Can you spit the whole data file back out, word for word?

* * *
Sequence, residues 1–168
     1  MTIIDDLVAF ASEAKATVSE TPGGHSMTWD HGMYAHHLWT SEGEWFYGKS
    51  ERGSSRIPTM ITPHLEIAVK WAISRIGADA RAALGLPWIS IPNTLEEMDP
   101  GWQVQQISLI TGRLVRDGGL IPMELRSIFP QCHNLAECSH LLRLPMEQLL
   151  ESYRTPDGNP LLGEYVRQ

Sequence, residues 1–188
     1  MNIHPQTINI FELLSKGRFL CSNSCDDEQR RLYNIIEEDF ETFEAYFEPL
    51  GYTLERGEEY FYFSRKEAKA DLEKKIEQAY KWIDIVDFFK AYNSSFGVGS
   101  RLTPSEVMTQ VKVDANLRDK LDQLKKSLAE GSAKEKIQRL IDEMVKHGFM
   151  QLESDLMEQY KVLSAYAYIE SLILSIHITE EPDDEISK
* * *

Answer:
Sequence, residues 1–168
     1  MTIIDDLVAF ASEAKATVSE TPGGHSMTWD HGMYAHHLWT SEGEWFYGKS
    51  ERGSSRIPTM ITPHLEIAVK WAISRIGADA RAALGLPWIS IPNTLEEMDP
   101  GWQVQQISLI TGRLVRDGGL IPMELRSIFP QCHNLAECSH LLRLPMEQLL
   151  ESYRTPDGNP LLGEYVRQ

Sequence, residues 1–188
     1  MNIHPQTINI FELLSKGRFL CSNSCDDEQR RLYNIIEEDF ETFEAYFEPL
    51  GYTLERGEEY FYFSRKEAKA DLEKKIEQAY KWIDIVDFFK AYNSSFGVGS
   101  RLTPSEVMTQ VKVDANLRDK LDQLKKSLAE GSAKEKIQRL IDEMVKHGFM
   151  QLESDLMEQY KVLSAYAYIE SLILSIHITE EPDDEISK